There are times when that phrase is not a cliché.
Category Archives: You Can’t Put A Price Tag On Joe Paterno’s Legacy
Penn State’s financial fallout from the Sandusky scandal approaches a quarter-billion dollars.
The NCAA got the biggest chunk of that, but I bet there are days now when Mark Emmert tells himself he could have gotten more.
This doesn’t sound like a good thing for the NCAA.
A specially presiding senior judge has ordered the NCAA to turn over emails and other communications related to the repeal of Penn State’s sanctions as part of a defamation lawsuit filed by the estate of Joe Paterno.
At issue is whether the NCAA maliciously and unfairly tarnished Paterno’s name and harmed the plaintiffs, which include former assistant coaches Bill Kenney and Paterno’s son, Jay.
The lawsuit was filed in 2013 and seeks punitive damages. The defendants include the NCAA, president Mark Emmert and former executive committee chairman Ed Ray.
According to Judge John Leete’s order, which was filed Monday, the NCAA must turn over communications between board members and administrators and between itself and Penn State officials. Privileged communications are exempt, but the NCAA must provide a privilege log outlining what documents are withheld.
It may be a bullshit lawsuit, but they’re playing on JoePa’s home field, and that’s likely to yield some embarrassing disclosures.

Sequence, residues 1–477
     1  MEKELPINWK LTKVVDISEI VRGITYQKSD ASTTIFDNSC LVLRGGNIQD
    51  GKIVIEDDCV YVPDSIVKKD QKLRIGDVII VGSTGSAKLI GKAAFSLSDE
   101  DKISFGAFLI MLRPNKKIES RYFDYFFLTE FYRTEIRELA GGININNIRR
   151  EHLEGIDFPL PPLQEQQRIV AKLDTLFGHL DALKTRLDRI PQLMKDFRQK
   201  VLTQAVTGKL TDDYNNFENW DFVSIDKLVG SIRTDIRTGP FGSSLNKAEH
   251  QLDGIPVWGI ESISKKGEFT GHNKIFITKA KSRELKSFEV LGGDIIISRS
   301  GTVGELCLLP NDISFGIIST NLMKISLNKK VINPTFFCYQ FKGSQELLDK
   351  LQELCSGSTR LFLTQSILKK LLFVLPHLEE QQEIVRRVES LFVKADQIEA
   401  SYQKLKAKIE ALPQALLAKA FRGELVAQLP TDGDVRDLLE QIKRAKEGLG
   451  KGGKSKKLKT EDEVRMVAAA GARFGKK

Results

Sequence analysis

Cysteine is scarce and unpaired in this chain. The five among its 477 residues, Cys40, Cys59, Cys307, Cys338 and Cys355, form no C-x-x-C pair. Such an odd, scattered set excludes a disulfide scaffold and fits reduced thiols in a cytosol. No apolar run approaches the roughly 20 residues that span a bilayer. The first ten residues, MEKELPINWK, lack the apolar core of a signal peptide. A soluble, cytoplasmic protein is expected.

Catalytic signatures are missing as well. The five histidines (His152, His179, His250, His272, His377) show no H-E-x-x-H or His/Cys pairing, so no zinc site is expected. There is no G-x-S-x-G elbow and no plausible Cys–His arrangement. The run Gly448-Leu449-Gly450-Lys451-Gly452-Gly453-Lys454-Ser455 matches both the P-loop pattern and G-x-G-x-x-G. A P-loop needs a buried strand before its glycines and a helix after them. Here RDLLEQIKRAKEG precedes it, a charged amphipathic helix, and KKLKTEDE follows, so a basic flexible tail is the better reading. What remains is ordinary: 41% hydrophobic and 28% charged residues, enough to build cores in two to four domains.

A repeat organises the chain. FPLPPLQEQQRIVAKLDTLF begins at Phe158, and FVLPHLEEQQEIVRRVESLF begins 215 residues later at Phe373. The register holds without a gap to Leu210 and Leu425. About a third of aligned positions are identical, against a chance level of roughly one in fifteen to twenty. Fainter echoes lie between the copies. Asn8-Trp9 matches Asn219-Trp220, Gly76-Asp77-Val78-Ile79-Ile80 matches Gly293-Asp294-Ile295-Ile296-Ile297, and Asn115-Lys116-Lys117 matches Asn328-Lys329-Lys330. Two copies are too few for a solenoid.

None of this is to excuse what went on, or to say that the school didn’t deserve to be punished for enabling a serial child molester, but when Mark Emmert decided he didn’t need to follow any established guidelines in his pursuit of Penn State, it was pretty much a given that he’d get this kind of reaction. To mix metaphors, when you break a few eggs to make your omelet, don’t be surprised when some of the chickens come home to roost.
So, with the blessing of the Paterno clan, Penn State’s gonna do some honoring this weekend.
Penn State detailed plans Thursday to mark the 50th anniversary of Joe Paterno’s first win as hundreds of the late coach’s former players made their way back to State College for a private reunion, marking a milestone that has emerged as a sensitive issue for the university and people critical of Paterno’s role in the Jerry Sandusky child sex abuse scandal.
Athletic director Sandy Barbour said Thursday that commemorations during Penn State’s game Saturday against Temple would focus on Paterno’s commitment to student-athletes and academic, plus highlights of the 1966 game.
“Coach Paterno wanted academic success not only for his players but also for every student who came through Penn State. Together with his wife, Sue, they helped countless students become leaders and earn a Penn State diploma,” Barbour said in a statement. “Our plans are consistent with the wishes of the Paterno family as well, with a focus on the players and their accomplishments at Penn State and beyond.”
If this strikes you are somewhat tone deaf, you’re not alone. What in the world are these people thinking with a public show of support? Hey, it’s college football, so you only get one guess.